Nigeria’s Productivity Paralyses In Logistics and Petroleum Industry Bill

Nigeria’s Productivity Paralyses In Logistics and Petroleum Industry Bill

This is simply why productivity is dropping in Nigeria: “The cost of transporting a container from Apapa port to Ikeja, Lagos, has increased from N300,000 as of 2018 to N1.6 million or more in 2021. This represents an increase of 500% at the minimum. On the other hand, the cost of trucking the same container from Ikeja to Kano has only hovered around N600,000 within the period under review. This was disclosed by Oluwemimo Joseph, Strategy & Projects Head and Chief Financial Officer of JET Motor Company, during an exclusive interview with Nairametrics on Tuesday.”

“The cost of trucking a container from Apapa to Ikeja is twice the cost of taking the same container to Kano or Kaduna. The cost has increased from N300,000 in 2018 to N1.6 million by January 2021.

The major cause of this is because the truck owners will tell you that such task, which should have taken them two days will end up taking 6 or more days due to congestion at the port,” Joseph said.

With a broken supply chain system, Nigeria has a real challenge in the economy. We need to fix it and make sure that our processes and systems can run efficiently. And the nation seems to have a playbook with the selection of four asset managers to run the $37 billion fund for Infrastructure Corporation of Nigeria Limited (Infra-Co) which is set up to deepen investment in roads, railways, power projects, and other sectors in Nigeria. The companies selected include Netherlands-based Sanlam Infraworks; AIIM, a unit of South Africa’s Old Mutual Group; Lagos-based Chapel Hill Denham; and Tripple A, a consortium comprising AfricaPlus Partners and Arc Asset Management as well as Afrinvest West Africa, a Nigerian investment bank.

The company is expected to begin operations in Q3 2021 according to the governor of the Central Bank of Nigeria.

Work has indeed attained an advanced stage and we have received the approval of the Chairman of the Steering Committee, the Vice President, Prof. Yemi Osinbajo, for the approval of the appointment of KPMG as the transaction advisers and only recently we also obtained approval for the appointment of asset managers.

So, following conclusions of these arrangements and further activities, I like to assure all of us that the Infrastructure Corporation of Nigeria is expected to begin full operation by the third quarter of 2021.

We believe that through a partnership with the private sector, Infraco will be able to leverage close to N15 trillion over the coming years to close the country’s infrastructure gap.

I’m happy to acknowledge that the establishment of the Infrastructure Corporation of Nigeria has generated a lot of interest from both local and international private fund managers who are keen to work with the promoters in deploying private sector capital to support investment in key infrastructure in Nigeria.’’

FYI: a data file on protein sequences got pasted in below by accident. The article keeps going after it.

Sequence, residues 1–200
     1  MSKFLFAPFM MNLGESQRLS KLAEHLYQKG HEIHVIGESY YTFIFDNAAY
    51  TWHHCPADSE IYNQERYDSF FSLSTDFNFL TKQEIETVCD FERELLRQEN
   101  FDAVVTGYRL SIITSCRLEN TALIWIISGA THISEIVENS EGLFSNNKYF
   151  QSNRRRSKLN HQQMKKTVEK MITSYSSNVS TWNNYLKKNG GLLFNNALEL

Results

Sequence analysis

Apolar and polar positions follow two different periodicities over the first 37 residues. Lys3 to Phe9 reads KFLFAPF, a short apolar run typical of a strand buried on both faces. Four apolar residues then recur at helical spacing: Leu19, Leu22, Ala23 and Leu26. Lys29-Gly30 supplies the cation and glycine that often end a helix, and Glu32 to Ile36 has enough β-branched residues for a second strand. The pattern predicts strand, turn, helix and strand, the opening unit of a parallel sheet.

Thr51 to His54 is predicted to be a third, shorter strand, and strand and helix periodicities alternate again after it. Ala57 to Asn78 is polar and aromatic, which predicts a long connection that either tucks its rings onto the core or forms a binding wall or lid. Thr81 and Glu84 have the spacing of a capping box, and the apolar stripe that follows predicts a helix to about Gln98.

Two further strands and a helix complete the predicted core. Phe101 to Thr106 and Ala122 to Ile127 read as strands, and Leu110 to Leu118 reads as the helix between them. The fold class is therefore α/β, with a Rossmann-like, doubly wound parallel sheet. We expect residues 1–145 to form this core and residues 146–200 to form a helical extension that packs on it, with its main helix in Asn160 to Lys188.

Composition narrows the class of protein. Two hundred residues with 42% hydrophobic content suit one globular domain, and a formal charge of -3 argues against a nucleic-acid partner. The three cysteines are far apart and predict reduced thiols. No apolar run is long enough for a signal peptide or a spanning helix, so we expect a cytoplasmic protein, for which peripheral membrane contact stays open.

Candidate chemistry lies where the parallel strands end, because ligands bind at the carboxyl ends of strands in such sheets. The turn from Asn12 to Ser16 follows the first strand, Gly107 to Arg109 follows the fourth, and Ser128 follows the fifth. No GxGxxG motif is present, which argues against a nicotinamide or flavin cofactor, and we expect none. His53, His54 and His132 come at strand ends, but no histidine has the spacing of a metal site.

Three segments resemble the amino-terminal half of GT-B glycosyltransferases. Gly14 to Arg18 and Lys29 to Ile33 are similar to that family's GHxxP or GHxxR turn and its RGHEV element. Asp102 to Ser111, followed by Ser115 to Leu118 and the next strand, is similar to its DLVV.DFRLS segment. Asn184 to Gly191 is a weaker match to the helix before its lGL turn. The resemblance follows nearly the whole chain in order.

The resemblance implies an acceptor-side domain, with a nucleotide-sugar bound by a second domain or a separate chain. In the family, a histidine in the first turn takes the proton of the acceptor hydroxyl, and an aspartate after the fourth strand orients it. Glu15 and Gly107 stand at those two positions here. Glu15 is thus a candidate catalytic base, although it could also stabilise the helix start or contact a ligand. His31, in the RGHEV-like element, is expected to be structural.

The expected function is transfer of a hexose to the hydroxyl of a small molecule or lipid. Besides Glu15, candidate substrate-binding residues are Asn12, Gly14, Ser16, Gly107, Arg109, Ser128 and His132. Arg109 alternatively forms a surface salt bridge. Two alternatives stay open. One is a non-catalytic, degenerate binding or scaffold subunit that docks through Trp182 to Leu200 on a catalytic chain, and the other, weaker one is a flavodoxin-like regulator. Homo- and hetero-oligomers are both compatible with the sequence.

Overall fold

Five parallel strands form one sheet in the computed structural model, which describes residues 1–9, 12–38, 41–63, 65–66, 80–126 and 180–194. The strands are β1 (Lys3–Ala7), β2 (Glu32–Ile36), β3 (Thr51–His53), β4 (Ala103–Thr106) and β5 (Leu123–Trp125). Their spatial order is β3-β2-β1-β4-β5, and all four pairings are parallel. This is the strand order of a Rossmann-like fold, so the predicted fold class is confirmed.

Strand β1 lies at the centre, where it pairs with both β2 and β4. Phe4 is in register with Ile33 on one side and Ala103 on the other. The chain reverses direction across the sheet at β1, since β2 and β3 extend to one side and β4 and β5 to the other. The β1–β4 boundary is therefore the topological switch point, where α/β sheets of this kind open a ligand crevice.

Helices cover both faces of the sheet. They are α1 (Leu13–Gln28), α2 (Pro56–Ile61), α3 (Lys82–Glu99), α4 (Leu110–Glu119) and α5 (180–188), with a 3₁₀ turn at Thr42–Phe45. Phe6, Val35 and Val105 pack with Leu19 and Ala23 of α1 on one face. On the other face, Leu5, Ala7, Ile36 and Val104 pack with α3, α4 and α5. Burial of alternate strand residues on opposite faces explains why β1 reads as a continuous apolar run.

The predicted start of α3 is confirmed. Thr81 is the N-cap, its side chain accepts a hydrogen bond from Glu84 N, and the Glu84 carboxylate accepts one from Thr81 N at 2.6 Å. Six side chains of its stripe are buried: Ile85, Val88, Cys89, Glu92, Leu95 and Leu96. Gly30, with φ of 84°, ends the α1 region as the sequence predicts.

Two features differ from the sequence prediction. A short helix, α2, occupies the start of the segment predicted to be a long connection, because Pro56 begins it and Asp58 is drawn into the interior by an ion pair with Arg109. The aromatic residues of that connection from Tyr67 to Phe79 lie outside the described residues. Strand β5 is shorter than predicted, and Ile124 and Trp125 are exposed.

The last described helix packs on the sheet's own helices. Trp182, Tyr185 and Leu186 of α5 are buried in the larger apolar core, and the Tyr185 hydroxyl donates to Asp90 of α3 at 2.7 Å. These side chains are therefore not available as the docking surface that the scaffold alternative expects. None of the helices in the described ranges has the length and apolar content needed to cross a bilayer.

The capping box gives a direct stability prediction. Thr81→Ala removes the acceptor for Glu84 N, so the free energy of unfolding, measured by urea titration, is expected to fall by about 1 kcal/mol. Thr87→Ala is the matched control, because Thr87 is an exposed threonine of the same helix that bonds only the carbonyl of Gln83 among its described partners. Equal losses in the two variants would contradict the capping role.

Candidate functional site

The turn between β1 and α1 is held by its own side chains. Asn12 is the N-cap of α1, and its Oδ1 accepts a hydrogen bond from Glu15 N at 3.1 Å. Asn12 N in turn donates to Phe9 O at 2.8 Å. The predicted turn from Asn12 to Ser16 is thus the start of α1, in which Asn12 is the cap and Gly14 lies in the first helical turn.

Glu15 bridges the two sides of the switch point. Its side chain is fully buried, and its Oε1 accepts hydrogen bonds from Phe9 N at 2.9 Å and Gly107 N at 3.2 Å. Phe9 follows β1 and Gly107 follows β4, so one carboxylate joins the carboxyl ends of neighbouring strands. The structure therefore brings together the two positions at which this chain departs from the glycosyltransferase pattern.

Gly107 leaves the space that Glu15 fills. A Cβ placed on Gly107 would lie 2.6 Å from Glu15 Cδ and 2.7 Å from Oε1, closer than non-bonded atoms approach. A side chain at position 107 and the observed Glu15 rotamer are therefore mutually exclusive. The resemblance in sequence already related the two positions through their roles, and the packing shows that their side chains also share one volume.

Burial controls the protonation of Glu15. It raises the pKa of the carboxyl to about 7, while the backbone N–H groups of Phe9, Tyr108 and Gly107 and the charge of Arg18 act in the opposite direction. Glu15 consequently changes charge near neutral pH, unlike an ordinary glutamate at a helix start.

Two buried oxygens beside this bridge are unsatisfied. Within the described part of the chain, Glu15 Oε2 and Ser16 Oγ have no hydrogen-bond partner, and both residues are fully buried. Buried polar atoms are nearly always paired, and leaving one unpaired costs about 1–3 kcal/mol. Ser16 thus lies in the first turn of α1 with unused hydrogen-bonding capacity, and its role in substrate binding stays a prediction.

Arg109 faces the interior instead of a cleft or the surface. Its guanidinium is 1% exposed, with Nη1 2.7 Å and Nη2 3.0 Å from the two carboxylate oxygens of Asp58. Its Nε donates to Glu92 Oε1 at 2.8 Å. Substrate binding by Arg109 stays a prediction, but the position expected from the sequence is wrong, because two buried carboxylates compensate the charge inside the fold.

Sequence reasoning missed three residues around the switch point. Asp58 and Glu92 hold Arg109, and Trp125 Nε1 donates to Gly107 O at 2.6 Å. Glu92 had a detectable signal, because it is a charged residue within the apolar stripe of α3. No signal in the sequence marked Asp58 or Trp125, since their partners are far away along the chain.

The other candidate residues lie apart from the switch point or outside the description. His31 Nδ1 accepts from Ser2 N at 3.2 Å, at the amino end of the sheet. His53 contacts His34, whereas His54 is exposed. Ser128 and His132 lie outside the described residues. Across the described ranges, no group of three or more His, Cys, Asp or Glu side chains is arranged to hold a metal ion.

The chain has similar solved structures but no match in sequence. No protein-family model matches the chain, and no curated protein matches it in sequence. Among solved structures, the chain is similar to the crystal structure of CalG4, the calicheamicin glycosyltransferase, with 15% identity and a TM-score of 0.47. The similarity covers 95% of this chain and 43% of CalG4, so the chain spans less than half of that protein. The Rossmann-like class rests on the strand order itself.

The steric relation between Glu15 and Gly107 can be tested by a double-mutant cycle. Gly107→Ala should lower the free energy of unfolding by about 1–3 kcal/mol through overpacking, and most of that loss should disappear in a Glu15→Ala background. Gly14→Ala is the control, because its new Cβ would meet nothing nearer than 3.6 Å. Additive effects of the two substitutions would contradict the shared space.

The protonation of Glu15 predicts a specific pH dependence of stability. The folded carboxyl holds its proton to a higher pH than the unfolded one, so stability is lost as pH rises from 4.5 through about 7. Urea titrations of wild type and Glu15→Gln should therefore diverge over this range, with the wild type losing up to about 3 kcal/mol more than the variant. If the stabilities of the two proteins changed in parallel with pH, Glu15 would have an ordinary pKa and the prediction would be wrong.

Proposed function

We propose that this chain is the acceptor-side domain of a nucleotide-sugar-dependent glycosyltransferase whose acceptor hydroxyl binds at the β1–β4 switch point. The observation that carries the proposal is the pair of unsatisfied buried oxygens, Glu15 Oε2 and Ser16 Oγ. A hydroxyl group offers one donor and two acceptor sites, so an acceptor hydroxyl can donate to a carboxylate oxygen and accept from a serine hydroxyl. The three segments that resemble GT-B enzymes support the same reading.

Meanwhile, the Petroleum Industry Bill is causing a problem with this line: “Section 317(8) in the Senate’s version of the Bill states that licence to import any product shortfalls shall be assigned only to companies with active local refining licences.” Expectedly industry players are concerned that refiners like Dangote Refinery will simply take over the market if this has to stay.

Any provision that does not guarantee a free and open market will give room to price inefficiencies and eventually kill off small businesses in the downstream sector.

“This provision will stifle price competition and leave pricing to be solely dictated by a few local refiners. If Nigerians are to pay higher international prices at the pump, we should also benefit when prices go down internationally,” they stated

They argued that this was not guaranteed unless there was healthy competition.

“Prices must be kept competitive at the pump for the benefit of the average Nigerian whose income is constantly being eroded by inflation.

“Allowing imports by major players across the supply chain will protect consumers by ensuring that local pump prices are not higher than regional and international prices.

“MOMAN and DAPPMAN remain committed to the sustainability and institutionalisation of a viable downstream petroleum industry for the social and economic growth of Nigeria,” they stressed.

I pointed this out many months ago: “So, the problem is not just refiners importing, the problem is that some could become exporters. Yes, they get the local crude oil and they simply export it! The Petroleum Industry Bill  must fix these loopholes with criminal penalties”

If you are in the business of importing crude refined products, there is a disintermediation on the way. Yes, Dangote Refinery is pushing that “license to import any product shortfalls should be assigned only to companies with active refining licenses. Import volume to be allocated between participants based on their respective production in the preceding quarter. ’’

Punch had reported that Dangote Group has desired  for inclusion in the Petroleum Industry Bill a requirement that the license to import petroleum products should be given only to companies with active refining licenses. The company does think that by having that requirement, companies will invest in local refining business.

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One thought on “Nigeria’s Productivity Paralyses In Logistics and Petroleum Industry Bill

  1. True in 2020, I was scared off when I heard that the base price to move things from Lagos down to Kano was #1.2 million.

    My client wanted to pay #1 million and the deal was lost

    Reply

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